I’m not overly fond of the term “carbon-free.”  Recently, Domino launched “carbon free” sugar, which is, um, well, water, since table sugar is C12H22o11.  Take out those 12 carbon atoms and what you have left are twice as many hydrogen atoms as oxygen atoms, which is water.  A carbon-free America would be one with no life left in it, since all Earth-based life forms are more or less made from carbon. A lot of dirt is carbon, as well. We’d have some metal left — iron (but not steel, since steel is iron and carbon), calcium (which is what is left over when you take the carbon out of limestone), a lot of sand and other silicon-based things like quartz (but no diamonds because, well, carbon).

I know that’s not what “carbon-free” really means.  “Carbon-free” is a shorthand way of expressing the idea of ending carbon dioxide emissions from coal, natural gas, and oil.  It’s imprecise, though, and that irks me.

This is just a short little blurb about replacing things that have carbon dioxide emissions with hydroelectric, solar and wind power.  The graphs are nice and show, among other things, how much wind could be generated by both onshore and offshore wind farms.

Power to the People, by Michael Edison Hayden, photographs by Rubén Salgado Escudero

Throughout the developing world (India, Uganda, and Myanmar are the examples given here), people are enjoying new freedom through the use of portable solar lights.  At the moment, one of the biggest players in the field is a company called Simpa, which charges around $0.35 per day to rent the light.  That can be a lot of money for someone who makes only a few dollars a day, but it also, for example, allows shopkeepers to stay open later to get more customers and, thus, more money.  And the solar lights are more convenient for the people using them than the old battery-operated lights some had before.  When the battery ran down they would have to travel to get a new battery. With the solar lights, when the battery runs down, they just put it in the sun for a few hours, which saves time and wear and tear on their shoes and joints.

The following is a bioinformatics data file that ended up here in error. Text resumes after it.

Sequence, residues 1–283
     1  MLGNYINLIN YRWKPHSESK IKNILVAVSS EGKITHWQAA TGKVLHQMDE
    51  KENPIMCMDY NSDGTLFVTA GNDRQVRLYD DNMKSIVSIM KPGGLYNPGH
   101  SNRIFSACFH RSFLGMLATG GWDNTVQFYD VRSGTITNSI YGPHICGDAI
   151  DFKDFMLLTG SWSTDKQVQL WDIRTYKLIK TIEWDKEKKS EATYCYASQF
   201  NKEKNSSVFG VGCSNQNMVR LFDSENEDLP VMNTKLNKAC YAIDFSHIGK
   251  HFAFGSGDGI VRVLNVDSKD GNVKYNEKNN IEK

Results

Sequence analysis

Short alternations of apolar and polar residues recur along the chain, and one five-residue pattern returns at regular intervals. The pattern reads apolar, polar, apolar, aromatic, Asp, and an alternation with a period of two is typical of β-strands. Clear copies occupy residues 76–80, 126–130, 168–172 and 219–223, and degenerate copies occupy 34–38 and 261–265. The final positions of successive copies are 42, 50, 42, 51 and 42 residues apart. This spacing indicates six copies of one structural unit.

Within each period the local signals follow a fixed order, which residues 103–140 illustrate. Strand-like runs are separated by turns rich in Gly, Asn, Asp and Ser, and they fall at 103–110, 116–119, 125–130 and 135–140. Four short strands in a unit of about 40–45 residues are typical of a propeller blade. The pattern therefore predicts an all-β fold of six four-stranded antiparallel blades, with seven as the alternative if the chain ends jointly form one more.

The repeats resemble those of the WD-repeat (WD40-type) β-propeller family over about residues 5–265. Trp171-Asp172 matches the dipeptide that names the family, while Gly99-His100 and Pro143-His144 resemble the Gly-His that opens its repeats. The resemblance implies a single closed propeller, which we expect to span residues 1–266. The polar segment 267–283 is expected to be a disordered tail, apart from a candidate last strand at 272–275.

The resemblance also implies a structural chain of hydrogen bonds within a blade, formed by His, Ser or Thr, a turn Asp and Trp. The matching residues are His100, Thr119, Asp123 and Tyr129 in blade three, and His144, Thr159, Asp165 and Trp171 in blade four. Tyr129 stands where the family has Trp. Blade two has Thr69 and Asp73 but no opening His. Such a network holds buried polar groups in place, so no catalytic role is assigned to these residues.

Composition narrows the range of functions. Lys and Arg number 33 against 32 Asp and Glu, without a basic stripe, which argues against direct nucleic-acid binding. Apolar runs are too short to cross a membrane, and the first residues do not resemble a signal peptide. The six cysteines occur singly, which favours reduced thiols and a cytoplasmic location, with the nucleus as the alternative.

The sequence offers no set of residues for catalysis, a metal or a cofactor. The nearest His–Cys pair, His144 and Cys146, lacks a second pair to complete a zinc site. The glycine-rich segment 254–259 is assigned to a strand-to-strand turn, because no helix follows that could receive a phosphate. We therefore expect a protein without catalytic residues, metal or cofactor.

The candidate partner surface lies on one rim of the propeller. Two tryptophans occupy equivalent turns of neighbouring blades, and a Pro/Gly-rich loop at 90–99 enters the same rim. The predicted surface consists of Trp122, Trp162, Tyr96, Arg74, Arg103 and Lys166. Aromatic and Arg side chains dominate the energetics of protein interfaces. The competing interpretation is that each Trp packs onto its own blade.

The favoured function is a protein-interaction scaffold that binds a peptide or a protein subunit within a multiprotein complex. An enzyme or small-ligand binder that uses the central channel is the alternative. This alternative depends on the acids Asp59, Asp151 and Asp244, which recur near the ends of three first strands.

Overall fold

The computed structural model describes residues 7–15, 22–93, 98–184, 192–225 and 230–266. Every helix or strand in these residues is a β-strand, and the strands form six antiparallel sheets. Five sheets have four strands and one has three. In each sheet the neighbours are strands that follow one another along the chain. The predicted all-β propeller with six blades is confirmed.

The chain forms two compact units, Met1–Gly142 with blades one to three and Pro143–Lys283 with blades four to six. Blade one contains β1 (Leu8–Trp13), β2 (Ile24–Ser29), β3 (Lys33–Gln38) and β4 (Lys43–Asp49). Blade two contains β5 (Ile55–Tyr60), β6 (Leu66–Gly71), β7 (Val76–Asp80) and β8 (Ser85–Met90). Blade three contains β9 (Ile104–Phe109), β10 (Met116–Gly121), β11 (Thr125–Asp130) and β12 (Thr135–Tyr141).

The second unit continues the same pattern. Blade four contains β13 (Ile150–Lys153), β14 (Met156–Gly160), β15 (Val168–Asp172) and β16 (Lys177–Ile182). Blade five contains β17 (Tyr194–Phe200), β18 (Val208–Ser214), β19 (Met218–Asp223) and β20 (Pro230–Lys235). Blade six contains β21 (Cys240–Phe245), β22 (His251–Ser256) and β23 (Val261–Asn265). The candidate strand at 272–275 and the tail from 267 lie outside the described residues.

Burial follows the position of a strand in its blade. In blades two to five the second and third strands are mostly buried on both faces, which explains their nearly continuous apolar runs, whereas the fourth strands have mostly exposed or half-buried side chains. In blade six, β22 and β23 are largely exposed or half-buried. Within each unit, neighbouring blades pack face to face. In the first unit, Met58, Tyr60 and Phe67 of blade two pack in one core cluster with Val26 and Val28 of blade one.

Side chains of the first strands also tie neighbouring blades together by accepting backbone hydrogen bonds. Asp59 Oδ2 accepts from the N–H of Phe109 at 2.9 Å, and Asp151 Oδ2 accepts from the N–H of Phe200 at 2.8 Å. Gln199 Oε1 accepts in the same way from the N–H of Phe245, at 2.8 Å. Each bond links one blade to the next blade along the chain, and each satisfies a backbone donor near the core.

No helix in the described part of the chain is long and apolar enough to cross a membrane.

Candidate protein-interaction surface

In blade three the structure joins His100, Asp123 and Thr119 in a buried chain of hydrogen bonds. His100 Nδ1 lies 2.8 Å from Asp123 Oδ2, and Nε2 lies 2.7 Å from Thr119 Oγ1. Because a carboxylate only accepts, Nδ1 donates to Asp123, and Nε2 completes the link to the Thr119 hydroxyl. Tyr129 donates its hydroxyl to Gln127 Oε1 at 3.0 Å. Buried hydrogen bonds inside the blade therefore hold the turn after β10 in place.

Tracking Ivory by Bryan Christy photographs by Brent Stirton

Generally, for these posts I read the hard copy and then pull up the Internet version of the issue to refresh my memory while I write the article. In this case, I had to refer back to the issue, because the title at the top of the webpage was How Killing Elephants Finances Terror in Africa, and my first response was, “That’s not a National Geographic article. That’s a term paper.” And, yes, the title of the article in the actual hard copy is Tracking Ivory, which is the name given to the entire section of the website where the article can be found.